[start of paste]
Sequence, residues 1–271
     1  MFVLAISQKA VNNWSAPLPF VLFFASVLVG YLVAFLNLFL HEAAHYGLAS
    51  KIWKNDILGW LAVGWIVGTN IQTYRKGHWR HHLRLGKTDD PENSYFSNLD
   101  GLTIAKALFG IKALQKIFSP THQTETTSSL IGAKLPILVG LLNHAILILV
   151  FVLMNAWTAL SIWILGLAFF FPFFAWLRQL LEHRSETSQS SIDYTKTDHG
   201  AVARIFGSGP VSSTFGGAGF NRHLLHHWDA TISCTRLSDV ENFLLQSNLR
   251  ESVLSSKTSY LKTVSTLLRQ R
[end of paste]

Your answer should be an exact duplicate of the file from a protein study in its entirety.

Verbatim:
Sequence, residues 1–271
     1  MFVLAISQKA VNNWSAPLPF VLFFASVLVG YLVAFLNLFL HEAAHYGLAS
    51  KIWKNDILGW LAVGWIVGTN IQTYRKGHWR HHLRLGKTDD PENSYFSNLD
   101  GLTIAKALFG IKALQKIFSP THQTETTSSL IGAKLPILVG LLNHAILILV
   151  FVLMNAWTAL SIWILGLAFF FPFFAWLRQL LEHRSETSQS SIDYTKTDHG
   201  AVARIFGSGP VSSTFGGAGF NRHLLHHWDA TISCTRLSDV ENFLLQSNLR
   251  ESVLSSKTSY LKTVSTLLRQ R